Western Australia uses its own isolated energy system and put a gas reservation policy in place years ago, which seeks to make the equivalent of 15% of gas exports available for people in WA. This policy has helped mitigate price shocks.

Since winning the election, Victorian Premier Daniel Andrews has continued to urge the federal government to impose such a policy Australia wide. Prime Minister Anthony Albanese should heed these calls.

Victoria has a 95% renewable electricity target by 2035.

Image: APA

Steps to reduce emissions

Our energy futures are intrinsically intertwined with addressing climate change.

The world has only eight years left for global warming to be limited to 1.5℃. This means accelerating the switch to renewable energy without any further delays.

Our first step must be to make all electricity renewable by 2035 in Victoria (and, indeed, in the rest of Australia).

Second, we need a transition to electric vehicles across all transport systems as fast as possible and well before 2040. The Andrews government is investing $100 million to decarbonise the state’s road transport sector, but the transition won’t be complete until 2050.

The Andrews government aims to decarbonise road transport by 2050.

Image: Lake Macquarie City Council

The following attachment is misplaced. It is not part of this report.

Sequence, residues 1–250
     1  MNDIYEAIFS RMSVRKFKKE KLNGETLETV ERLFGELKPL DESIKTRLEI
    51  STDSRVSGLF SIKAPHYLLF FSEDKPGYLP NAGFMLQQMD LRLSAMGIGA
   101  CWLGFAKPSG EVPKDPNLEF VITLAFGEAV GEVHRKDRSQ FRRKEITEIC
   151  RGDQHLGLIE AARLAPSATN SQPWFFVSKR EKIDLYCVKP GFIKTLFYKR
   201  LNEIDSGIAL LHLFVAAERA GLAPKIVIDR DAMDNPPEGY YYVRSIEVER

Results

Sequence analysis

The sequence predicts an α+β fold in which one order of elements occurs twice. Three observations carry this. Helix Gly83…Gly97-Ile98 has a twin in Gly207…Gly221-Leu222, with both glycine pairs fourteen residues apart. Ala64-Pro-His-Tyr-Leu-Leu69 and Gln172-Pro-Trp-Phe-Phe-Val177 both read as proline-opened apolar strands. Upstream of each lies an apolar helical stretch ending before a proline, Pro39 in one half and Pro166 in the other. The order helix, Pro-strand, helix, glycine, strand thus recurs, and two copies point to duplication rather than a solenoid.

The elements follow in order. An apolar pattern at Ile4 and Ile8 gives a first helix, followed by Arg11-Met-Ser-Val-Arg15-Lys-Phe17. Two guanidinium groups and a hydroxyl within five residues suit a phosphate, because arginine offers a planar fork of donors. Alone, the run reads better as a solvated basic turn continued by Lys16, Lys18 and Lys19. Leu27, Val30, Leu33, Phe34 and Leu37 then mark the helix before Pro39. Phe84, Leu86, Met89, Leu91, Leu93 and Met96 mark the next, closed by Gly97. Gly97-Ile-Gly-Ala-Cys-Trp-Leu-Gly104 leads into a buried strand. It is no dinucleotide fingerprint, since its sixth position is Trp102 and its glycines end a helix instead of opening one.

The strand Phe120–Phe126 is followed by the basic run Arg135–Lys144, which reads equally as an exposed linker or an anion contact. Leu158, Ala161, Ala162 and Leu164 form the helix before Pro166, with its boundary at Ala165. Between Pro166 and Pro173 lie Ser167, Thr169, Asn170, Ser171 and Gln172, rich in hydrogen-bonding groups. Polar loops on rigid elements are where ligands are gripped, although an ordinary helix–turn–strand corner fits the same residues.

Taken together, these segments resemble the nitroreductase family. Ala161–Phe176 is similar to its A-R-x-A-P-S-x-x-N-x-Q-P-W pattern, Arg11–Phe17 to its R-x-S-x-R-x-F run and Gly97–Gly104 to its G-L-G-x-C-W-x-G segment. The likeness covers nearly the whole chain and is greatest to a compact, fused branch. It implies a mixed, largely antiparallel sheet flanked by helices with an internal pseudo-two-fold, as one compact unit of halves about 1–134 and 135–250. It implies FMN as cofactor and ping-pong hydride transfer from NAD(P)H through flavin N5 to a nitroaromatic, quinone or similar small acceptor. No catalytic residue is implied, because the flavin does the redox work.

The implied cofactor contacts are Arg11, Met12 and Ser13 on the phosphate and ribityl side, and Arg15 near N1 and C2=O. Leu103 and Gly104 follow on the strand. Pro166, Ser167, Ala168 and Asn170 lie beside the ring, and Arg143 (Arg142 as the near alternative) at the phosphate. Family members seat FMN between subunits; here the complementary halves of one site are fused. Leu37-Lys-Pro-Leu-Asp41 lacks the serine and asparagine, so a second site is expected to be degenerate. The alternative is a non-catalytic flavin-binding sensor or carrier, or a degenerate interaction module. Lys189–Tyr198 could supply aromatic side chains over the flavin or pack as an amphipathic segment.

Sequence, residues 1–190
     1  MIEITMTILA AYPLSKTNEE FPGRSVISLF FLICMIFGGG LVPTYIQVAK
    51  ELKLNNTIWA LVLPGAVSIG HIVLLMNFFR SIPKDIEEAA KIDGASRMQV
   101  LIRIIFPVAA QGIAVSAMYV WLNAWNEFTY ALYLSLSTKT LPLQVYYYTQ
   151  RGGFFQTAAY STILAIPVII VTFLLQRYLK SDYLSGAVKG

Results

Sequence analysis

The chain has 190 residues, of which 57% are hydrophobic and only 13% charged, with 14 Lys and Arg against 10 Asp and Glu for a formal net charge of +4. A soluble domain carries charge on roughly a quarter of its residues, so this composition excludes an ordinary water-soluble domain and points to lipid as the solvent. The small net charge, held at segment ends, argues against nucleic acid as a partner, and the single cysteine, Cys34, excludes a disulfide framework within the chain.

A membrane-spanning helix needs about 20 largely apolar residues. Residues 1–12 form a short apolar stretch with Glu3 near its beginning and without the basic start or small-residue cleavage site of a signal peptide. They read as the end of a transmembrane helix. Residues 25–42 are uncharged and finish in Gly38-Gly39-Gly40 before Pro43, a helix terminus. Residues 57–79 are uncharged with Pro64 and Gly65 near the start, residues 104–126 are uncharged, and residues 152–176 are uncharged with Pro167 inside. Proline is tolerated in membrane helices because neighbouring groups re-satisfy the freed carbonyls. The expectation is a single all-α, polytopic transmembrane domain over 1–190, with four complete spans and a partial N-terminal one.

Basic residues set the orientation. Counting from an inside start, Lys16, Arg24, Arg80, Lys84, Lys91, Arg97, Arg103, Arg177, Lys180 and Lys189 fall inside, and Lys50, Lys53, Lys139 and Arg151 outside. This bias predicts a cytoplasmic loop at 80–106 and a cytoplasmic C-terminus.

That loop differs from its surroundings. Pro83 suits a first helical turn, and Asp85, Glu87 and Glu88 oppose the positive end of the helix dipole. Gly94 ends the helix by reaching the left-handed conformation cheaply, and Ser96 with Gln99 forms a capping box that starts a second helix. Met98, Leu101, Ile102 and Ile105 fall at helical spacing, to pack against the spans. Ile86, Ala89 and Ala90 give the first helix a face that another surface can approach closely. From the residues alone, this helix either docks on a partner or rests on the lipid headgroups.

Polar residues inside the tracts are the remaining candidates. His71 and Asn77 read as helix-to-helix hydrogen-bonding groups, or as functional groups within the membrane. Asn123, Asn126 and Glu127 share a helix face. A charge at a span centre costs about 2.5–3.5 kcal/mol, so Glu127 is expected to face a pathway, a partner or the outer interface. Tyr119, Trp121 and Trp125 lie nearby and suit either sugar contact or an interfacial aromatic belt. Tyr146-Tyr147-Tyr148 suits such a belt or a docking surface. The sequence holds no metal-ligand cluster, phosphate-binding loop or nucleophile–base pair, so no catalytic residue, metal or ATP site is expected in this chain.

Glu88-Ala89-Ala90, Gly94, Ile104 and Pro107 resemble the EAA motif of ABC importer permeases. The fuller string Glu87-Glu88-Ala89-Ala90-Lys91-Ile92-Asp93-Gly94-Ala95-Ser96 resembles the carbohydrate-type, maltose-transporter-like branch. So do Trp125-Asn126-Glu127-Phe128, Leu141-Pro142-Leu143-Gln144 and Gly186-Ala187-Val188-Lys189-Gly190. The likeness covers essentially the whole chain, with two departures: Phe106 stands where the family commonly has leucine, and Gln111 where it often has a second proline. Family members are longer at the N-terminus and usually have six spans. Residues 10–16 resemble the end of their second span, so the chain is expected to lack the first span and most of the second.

Third, hard-to-abate sectors – such as certain manufacturing operations, shipping and aviation – need ongoing technological development.

They require significant government support to progress clean fuels, likely based on the renewable hydrogen to ammonia pathway. Victoria has a range of hydrogen and ammonia related industry development policies that show the government recognises this sector’s importance.

Ultimately, the incoming Victorian government’s promises address the first issue well, while making some headway on the second and third.

The Victorian government must be brave

We can’t rely on the rest of the world for innovation. Governments in Australia must play a more prominent role in infrastructure investment, technology research and development, energy industry development and significant market reform.

Tackling all these challenges isn’t really a job for a single state, particularly given Australia has one major east coast electricity grid and one national energy framework.

The Victorian government cannot achieve any significant changes without working closely with other states and the federal government. In this, state governments must be brave and go against the past three decades of hands-off government approaches to essential energy infrastructure.

This isn’t a time for leaving things to the market to resolve. The Victorian government must take immediate and giant leaps to ensure a stable and climate-friendly energy sector.

Author: , Director, Monash Energy Institute and Professor of Sustainable Energy Systems, Faculty of Information Technology, Monash University

The views and opinions expressed in this article are the author’s own, and do not necessarily reflect those held by pv magazine.